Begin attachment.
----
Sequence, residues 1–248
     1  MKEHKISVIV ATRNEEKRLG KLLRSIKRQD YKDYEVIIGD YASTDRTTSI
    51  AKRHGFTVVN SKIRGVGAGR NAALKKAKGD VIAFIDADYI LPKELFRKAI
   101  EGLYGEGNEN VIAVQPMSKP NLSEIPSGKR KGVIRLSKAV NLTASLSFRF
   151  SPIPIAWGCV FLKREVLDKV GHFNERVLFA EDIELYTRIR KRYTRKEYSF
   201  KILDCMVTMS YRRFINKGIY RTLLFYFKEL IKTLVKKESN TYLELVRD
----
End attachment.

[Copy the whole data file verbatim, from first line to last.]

Sequence, residues 1–248
     1  MKEHKISVIV ATRNEEKRLG KLLRSIKRQD YKDYEVIIGD YASTDRTTSI
    51  AKRHGFTVVN SKIRGVGAGR NAALKKAKGD VIAFIDADYI LPKELFRKAI
   101  EGLYGEGNEN VIAVQPMSKP NLSEIPSGKR KGVIRLSKAV NLTASLSFRF
   151  SPIPIAWGCV FLKREVLDKV GHFNERVLFA EDIELYTRIR KRYTRKEYSF
   201  KILDCMVTMS YRRFINKGIY RTLLFYFKEL IKTLVKKESN TYLELVRD